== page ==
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Its come down to two scopes for any christmas money and my own hard-earned cash: Burris Fullfield II 3-9X50 or Leupold 3-9X50 VX-II. It will be on my trusty Winchester .270 Mod 70 and used regularly for southern whitetail and western elk once or twice yearly. Any feedback on thses scopes and their respective companies will be greatly appreciated!
 

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Jedgreen,

If it has to be a choice between the two, then I would purchase the Leupold VX-II. Keep in mind that, with regards to Leupolds, I prefer the Vari-x IIIs, but if it has to be between these two, then I would pick the Leupold hands down and here's why:

1) The leupold VX-II comes with the best warranty in the business, which you probably may not need to worry about since it is a good scope to begin with. The Burris on the other hand, although claiming to have a forever warranty, I have been told by many that their actual warranty service is somewhat spotty.

2) The optics on the Leupold, and its construction, are, in my opinion, better.

Now, I really don't like the VXIIs because, from what I understand, they are built on 2-piece tubes. That notwithstanding, the VXIIs are really nothing more than the older Vari-X IIs with a new fancy name and box. However, many people who had the Vari-X IIs swear by them and love them. Then again, no one would argue against buying a Vari-x III over a VXII.

Get yourself the VXII - you will be happy with it. :D

Zachary
 

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Uh I pick door C. None of the above!

Please listen and heed. Well listen anyway and if you still dead set march on. The 50 MM scope will do NOTHING good and LOTS bad for you. For both southern white tails (my main hunting target in Bama) and elk out west a scope with 40 MM objective will give you all the light you need for use during LEGAL shooting hours in any terrain you will encounter. If you buy quality optics that extra 10 mm of objective buys you only more weight and higher mounting.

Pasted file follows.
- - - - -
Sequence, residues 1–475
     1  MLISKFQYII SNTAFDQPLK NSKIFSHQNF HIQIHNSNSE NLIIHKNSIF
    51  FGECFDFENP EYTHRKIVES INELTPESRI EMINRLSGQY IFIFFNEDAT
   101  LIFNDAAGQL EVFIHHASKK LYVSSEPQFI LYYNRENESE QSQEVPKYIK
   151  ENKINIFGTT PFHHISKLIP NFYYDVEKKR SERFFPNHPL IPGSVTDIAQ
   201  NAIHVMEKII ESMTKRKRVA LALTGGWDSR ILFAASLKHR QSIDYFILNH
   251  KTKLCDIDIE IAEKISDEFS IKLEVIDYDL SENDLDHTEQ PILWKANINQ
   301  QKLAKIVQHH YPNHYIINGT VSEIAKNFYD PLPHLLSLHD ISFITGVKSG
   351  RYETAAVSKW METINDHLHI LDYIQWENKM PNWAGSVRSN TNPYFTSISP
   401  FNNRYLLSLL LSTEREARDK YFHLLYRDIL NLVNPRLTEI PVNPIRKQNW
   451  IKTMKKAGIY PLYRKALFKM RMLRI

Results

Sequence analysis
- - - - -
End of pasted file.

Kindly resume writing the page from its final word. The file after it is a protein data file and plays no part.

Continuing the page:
Higher mounting means the scope isn't properly aligned with your eye when you bring the gun to shoulder and it takes you extra time to get it situated for accurate shooting. Time you may not have before that trophy of a life time disappears.

Now the power range you have selected is fine. It is a good compromise for such an all round use rifle.

SO what do I recommend? Well check out my post on the Optics Forum. I explained what my favorites are for such shooting and what is on the rifles I use most for it. HINT: On rifles for such use I have Leupold Vari-X III 2.5-8, Bushnell Elite 4200 1.5-6, Bushnell Elite 3200 2-7, and Leupold Vari-X II 3-9 scopes. None have more than a 40 mm objective and I've never felt the need for more.

GB
 

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I'm with Greybeard on this one. The 50 mm objective lens makes the scope too high and too heavy. And they look goofy. For hunting in the real world, 40mm is plenty. All of my 3x9 scopes have 40mm and I've never wanted more, nor needed more. I own both B&L Elite and Leupold. B&L is clearer, Leupold has better eye relief. I also think Burris is good, but there too heavy for my tastes. I have a Burris 4X on my favorite rifle, FN 98 30-06, and the only time I've wanted more power than that is at the range.
 

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Goofy!! He just called my rifles Goofy!! Just kiddin, Actually I have to agree with ya, 50mm is to big for a hunting rig. I do like them on my P-dog guns though, I dont like losing sight of my target after the shot. KN
 

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:) Well now I guess you know what I think when I see those guns with those scopes at the range, sorry if I offended anyone. Thats the only time I'd want one, for long range shooting. :grin:
 

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Discussion Starter #7
Thanks for the input guys. Please check out my new thread on the optics forum (sorry Zachary:) about pros and cons of the 50mm scopes that everyone seems so ga-ga over lately. The extra light of the 50mm sounds good in the ads but I understand the idea of overkill just to have the biggest and baddest. Just trying to spend my money in the most effective manner (at least while still dealing with our toys!). My experience is limited to my current 40mm scope so any help would be appreciated.
 

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I don't know why all of you are so opposed to 50mm objectives. Yes, the are bigger and a little bulkier, but they don't seem to bother me, even for hunting big game. And I'm not sure that the 50mm stories from manufactuers in their ads is really propoganda. I have found that the 50mm objectives do in fact allow for more light during low light conditions. No, I don't hunt during illegal times, but when it is down to the last minute or so, or if it is very overcast, it's almost like night shooting. It also doesn't bother me that scope is set higher with those higher rings either.